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16 years ago, my teammates and I built software for big internet properties. We spun up a single instance of open-source software, then added a lot of custom code. Now, we build information systems – data platforms, decoupled frontends, event streams, lots of interdependent software and services with many types of consumers. In the world of “digital transformation”, software is becoming systems. While organizations keep hitting the same iceberg … we don’t think in systems. Systems are nonlinear. They reorganize our mental models and communication structures. Yes, we need to learn cloud-native architectures, Kafka, Kubernetes, GoLang, Terraforming, etc. But we also need to transform how we think, alone and together, or we will build the same old things with fancy new tools. In this talk, we’ll explore essential nonlinear skills and practices for IT professionals. Skills we might not think of as “IT”. Yet these essential practices help us navigate from software to systems.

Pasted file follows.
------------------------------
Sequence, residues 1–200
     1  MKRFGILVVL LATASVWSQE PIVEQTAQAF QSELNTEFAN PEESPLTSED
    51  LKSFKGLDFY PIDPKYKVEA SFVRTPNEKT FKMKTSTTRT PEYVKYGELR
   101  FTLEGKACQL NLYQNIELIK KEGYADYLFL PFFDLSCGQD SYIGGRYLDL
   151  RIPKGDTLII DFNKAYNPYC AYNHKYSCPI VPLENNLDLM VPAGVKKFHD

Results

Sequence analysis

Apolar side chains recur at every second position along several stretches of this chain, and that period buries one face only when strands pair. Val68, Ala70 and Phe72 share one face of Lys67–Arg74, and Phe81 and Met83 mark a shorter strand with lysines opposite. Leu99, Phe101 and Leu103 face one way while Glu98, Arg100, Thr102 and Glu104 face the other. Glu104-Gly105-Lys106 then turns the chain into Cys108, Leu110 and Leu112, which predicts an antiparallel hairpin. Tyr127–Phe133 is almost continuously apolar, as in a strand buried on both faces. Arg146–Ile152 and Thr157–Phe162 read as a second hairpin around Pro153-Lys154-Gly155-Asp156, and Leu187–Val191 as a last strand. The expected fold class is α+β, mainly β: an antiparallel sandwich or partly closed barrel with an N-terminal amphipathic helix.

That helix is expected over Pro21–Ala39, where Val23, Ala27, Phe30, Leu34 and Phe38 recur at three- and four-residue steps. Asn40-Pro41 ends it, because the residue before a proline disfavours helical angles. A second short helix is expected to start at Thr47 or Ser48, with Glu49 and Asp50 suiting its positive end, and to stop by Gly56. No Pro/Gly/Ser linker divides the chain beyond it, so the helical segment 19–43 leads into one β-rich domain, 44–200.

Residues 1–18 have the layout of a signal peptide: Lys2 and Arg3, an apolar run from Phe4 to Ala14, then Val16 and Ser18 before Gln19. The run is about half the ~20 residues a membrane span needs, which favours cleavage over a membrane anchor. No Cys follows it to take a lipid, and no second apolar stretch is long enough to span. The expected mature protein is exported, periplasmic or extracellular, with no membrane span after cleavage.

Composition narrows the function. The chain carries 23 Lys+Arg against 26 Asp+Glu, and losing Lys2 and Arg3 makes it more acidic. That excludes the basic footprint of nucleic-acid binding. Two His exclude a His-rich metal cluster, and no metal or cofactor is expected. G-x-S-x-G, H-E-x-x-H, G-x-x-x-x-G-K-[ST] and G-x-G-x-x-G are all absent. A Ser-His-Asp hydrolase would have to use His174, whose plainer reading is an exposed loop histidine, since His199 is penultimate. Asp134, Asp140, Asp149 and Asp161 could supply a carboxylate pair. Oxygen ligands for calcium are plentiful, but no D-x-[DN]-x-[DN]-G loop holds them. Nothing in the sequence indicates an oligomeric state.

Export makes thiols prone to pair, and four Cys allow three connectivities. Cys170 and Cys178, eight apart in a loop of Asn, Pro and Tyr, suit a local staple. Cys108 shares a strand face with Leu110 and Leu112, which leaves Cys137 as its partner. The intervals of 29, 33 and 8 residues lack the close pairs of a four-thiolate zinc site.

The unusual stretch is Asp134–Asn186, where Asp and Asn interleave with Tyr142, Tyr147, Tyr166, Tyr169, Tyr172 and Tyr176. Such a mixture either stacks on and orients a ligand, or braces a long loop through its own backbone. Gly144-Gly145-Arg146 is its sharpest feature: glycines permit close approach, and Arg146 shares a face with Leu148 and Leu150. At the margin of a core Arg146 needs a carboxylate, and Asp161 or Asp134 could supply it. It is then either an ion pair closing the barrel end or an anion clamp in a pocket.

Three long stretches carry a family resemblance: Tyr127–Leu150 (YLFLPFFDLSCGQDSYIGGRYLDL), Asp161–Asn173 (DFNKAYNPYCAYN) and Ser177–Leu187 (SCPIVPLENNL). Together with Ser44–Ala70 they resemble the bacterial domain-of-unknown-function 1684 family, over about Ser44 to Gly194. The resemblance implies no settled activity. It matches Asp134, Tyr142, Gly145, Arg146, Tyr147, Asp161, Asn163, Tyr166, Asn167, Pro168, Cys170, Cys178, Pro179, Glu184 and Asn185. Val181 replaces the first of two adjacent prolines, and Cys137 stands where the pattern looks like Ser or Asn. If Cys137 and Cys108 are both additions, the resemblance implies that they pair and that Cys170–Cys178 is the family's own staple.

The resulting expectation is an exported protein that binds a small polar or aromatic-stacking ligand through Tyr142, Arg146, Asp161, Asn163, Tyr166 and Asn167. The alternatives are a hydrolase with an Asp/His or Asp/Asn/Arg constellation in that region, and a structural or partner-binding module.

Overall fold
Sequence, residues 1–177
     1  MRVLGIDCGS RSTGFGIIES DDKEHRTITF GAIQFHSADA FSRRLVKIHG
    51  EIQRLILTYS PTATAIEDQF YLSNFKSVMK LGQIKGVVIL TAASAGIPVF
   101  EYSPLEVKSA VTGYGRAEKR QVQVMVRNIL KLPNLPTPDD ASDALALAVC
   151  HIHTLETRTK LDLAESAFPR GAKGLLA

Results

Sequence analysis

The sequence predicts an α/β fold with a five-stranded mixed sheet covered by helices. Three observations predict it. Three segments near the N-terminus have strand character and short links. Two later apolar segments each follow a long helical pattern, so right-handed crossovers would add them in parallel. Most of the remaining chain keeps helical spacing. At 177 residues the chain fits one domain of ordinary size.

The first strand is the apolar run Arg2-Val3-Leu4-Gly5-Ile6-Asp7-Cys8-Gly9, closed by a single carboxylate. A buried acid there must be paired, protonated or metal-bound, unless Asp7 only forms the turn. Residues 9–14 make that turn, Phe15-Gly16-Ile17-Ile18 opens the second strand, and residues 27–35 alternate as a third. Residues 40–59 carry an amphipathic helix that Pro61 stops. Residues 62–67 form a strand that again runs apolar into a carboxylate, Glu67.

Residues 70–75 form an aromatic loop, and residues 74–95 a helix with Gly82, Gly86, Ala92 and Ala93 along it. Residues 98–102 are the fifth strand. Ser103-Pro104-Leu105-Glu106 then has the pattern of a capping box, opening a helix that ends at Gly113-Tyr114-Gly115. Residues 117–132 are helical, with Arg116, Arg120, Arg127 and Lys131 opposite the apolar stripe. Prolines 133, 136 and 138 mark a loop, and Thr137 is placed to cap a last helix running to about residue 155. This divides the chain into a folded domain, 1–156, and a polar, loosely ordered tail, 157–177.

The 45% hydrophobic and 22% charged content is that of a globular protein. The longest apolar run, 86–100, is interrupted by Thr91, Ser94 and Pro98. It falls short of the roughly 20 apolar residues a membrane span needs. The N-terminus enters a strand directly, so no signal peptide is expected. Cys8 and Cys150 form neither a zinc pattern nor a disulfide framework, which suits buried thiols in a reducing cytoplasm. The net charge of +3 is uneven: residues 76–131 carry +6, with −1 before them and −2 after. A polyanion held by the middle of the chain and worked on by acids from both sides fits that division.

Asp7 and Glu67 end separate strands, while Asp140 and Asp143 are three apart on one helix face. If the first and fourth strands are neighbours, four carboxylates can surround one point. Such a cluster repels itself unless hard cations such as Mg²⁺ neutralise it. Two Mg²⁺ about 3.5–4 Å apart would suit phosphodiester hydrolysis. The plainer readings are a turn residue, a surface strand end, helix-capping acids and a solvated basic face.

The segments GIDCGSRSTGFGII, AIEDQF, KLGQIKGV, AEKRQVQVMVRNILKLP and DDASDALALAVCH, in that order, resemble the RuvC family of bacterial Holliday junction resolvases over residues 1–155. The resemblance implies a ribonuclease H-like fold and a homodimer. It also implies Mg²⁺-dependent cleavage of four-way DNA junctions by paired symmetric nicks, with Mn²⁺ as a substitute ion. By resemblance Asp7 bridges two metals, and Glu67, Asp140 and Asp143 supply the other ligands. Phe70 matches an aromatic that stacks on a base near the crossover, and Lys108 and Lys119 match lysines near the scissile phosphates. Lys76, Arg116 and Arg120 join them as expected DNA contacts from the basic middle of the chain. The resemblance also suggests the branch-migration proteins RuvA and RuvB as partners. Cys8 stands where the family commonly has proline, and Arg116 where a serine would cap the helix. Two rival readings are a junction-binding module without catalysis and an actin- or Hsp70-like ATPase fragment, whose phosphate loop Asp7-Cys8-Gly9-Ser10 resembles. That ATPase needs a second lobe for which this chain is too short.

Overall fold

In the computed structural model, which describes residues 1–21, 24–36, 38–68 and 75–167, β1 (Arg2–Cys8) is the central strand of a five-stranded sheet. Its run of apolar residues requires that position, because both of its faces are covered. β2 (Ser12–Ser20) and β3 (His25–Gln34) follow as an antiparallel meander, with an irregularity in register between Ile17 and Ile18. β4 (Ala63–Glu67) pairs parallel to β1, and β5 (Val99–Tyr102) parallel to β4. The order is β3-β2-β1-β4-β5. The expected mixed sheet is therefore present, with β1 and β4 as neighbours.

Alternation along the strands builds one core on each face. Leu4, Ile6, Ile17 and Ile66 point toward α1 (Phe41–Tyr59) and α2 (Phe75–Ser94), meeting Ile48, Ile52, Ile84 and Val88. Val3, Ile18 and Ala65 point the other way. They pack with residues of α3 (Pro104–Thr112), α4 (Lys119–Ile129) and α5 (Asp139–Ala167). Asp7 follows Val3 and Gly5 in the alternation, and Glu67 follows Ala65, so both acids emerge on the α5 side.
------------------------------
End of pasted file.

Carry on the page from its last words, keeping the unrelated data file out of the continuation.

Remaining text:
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Nonlinear Thinking: Skills We Need Now
If you’ve read The Economist, donated to Wikipedia, or contributed to The World Monuments Fund, you’ve interacted with systems that Diana helped to architect.